cognitive dissonance

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cognitive dissonance

[¦käg·nəd·iv ′dīs·ən·əns]
(psychology)
Psychological conflict that results from incongruous beliefs and attitudes held simultaneously.

cognitive dissonance

the experience of competing, opposing or contradictory thoughts, attitudes or actions leading to a feeling of tension and the need to achieve consonance. The term was introduced by Festinger (1957). In his definition dissonant cognitions exist when Belief A implies the negation of Belief B. For example, ‘Smoking causes lung cancer’ is dissonant with ‘I smoke’. The dissonance can be reduced in a variety of ways, either by adjusting Belief A or Belief B. Belief A could be adjusted by disregarding medical reports that confirm the belief and by paying particular attention to sceptical reports. Belief B can be adjusted by smoking less, or smoking tobacco of a low carcinogenic type.
References in periodicals archive ?
The advances in the history of cognitive dissonance theory.
Cognitive dissonance theory examines the factors which influence students' behaviours, attitudes, and how they rationalize the situations according to their own feelings and behaviour.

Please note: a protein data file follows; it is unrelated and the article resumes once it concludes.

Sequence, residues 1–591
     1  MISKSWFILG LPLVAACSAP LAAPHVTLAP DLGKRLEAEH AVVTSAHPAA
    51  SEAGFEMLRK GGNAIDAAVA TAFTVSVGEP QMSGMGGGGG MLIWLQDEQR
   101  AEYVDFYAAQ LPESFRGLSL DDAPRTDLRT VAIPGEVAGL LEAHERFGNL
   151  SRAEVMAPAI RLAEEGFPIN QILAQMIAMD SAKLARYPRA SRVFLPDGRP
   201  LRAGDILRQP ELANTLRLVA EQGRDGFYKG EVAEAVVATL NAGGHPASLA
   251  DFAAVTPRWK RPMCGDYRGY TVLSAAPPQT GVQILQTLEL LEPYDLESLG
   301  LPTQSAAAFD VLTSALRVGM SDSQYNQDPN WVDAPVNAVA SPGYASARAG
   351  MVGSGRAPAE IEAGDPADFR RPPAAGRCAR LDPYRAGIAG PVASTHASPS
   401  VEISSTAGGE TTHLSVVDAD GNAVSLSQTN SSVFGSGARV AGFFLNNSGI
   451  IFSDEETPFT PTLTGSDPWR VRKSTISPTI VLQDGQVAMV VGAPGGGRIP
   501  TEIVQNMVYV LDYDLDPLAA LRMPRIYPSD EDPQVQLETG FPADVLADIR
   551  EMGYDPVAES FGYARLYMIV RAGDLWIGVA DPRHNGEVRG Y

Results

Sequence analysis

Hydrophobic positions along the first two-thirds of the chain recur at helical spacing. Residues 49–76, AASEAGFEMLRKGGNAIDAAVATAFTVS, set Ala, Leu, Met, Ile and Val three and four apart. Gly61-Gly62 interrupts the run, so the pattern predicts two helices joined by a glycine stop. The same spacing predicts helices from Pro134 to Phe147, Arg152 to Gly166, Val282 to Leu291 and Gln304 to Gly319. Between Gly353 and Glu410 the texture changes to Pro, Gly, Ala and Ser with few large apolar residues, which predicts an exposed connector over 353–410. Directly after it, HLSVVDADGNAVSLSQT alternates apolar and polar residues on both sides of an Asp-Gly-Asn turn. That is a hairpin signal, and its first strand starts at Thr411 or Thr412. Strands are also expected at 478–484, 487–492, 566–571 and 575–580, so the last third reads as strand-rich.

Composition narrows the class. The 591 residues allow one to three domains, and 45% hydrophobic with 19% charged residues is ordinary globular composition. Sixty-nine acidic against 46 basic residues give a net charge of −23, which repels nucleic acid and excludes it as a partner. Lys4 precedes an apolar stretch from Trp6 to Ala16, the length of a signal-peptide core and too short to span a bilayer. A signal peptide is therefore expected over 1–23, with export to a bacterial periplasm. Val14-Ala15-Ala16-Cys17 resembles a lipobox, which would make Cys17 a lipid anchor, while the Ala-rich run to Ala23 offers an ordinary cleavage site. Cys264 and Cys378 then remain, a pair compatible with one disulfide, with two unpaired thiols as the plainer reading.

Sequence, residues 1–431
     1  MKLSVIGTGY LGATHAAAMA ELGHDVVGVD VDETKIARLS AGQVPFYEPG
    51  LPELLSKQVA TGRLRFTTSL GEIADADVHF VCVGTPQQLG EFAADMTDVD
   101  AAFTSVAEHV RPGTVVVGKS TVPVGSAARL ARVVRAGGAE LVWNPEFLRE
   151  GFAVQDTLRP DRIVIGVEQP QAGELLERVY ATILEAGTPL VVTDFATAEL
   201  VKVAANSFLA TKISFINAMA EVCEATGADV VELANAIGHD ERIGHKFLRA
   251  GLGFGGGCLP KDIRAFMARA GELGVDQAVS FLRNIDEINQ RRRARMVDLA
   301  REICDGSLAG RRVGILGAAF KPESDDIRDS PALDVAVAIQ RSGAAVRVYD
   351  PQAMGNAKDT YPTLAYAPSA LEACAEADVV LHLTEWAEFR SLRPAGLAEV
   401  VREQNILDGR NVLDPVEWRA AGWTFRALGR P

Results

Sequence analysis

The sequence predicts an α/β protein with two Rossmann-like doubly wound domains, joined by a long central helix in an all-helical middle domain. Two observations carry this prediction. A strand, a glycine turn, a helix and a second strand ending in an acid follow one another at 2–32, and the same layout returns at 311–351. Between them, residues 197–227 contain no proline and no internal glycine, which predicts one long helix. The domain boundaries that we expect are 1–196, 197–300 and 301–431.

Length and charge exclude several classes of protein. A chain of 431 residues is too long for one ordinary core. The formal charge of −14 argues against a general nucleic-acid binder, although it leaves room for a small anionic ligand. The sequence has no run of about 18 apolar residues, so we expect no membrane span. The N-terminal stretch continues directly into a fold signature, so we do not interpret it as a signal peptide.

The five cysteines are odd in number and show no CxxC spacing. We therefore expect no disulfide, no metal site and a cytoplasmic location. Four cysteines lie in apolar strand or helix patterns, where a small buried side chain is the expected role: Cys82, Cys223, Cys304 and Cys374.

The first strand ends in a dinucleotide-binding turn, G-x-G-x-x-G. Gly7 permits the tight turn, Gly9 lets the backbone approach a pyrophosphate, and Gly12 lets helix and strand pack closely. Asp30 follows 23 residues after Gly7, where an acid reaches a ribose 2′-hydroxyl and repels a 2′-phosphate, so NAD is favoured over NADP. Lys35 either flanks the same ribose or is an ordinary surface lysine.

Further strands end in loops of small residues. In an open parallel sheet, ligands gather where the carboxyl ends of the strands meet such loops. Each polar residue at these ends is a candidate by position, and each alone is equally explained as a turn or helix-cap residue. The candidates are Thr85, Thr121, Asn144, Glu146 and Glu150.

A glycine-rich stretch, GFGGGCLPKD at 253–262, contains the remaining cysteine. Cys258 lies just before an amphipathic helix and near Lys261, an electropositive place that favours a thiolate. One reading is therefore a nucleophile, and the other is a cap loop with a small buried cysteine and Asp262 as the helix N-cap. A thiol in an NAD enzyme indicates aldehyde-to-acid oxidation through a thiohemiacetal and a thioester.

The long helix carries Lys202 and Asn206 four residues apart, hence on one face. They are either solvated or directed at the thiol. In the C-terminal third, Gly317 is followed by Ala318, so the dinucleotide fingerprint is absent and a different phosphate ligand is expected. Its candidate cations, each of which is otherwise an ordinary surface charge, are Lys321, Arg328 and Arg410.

To the best of our knowledge, no research has used cognitive dissonance theory to understand how teachers' heterogeneous beliefs--beliefs of culturally proficient teaching and deficit beliefs about academic achievement of diverse students--are parsed in accordance with practices.
Cognitive dissonance theory does not suggest a correct decision; but more rather, the theory provides a description of how individuals rationalize decisions psychologically within themselves (Goodwin, 2010).
Once again, according to cognitive dissonance theory attitude change was observed in the paradigmatic situations of forced compliance.
Cognitive dissonance theory is basically based on the assumption that people try to be consistent.
The cognitive dissonance theory assumes that the dissonance occurs between the individual ideas and behaviors when he recognizes a new cognition that is not consonant with his exisiting beliefs and opinions.
Cognitive dissonance theory predicts that when individuals experience high levels of hypocritical dissonance between their behavior and their beliefs, they will feel strong psychological pressure to reduce that dissonance.
Following this, I utilize research on cognitive dissonance theory to explore potential connections between dissonance reduction and processes of resistance.
We were comforted by Festinger's (1957) Cognitive Dissonance Theory which has been modified to say that attitudes may change quickly when people are confronted by the reality that they are "wrong".
1969), "Can cognitive dissonance theory explain consumer behavior?
Cognitive dissonance theory holds that our reactions to these sorts of psychological stimuli tend to fall somewhere along a continuum on which each point represents a strategy for returning our consciousnesses into cognitive balance (Huegler, 2006; Van Overalle & Jordens, 2002).